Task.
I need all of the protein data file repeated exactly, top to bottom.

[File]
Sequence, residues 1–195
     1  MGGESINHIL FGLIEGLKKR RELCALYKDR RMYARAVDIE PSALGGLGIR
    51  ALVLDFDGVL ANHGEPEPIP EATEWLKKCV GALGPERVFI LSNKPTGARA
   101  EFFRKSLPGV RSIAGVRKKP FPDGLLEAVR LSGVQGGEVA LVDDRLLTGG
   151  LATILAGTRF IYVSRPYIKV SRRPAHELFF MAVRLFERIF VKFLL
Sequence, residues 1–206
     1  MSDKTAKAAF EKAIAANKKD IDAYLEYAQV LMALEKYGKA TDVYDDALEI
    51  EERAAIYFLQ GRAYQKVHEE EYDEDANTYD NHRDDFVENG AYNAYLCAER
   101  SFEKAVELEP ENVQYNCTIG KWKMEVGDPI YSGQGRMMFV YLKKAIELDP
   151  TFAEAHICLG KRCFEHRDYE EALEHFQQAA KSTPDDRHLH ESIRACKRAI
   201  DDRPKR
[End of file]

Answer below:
Sequence, residues 1–195
     1  MGGESINHIL FGLIEGLKKR RELCALYKDR RMYARAVDIE PSALGGLGIR
    51  ALVLDFDGVL ANHGEPEPIP EATEWLKKCV GALGPERVFI LSNKPTGARA
   101  EFFRKSLPGV RSIAGVRKKP FPDGLLEAVR LSGVQGGEVA LVDDRLLTGG
   151  LATILAGTRF IYVSRPYIKV SRRPAHELFF MAVRLFERIF VKFLL
Sequence, residues 1–206
     1  MSDKTAKAAF EKAIAANKKD IDAYLEYAQV LMALEKYGKA TDVYDDALEI
    51  EERAAIYFLQ GRAYQKVHEE EYDEDANTYD NHRDDFVENG AYNAYLCAER
   101  SFEKAVELEP ENVQYNCTIG KWKMEVGDPI YSGQGRMMFV YLKKAIELDP
   151  TFAEAHICLG KRCFEHRDYE EALEHFQQAA KSTPDDRHLH ESIRACKRAI
   201  DDRPKR